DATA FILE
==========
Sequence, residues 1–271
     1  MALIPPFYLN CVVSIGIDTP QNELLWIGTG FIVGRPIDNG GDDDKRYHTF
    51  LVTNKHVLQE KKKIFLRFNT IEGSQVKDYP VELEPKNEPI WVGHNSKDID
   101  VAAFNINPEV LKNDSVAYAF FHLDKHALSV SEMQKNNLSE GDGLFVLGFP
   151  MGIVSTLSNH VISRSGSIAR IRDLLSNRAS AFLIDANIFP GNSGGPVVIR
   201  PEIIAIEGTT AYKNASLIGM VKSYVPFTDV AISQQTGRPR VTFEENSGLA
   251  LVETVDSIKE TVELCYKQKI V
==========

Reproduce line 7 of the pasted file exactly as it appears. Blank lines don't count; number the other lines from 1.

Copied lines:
   251  LVETVDSIKE TVELCYKQKI V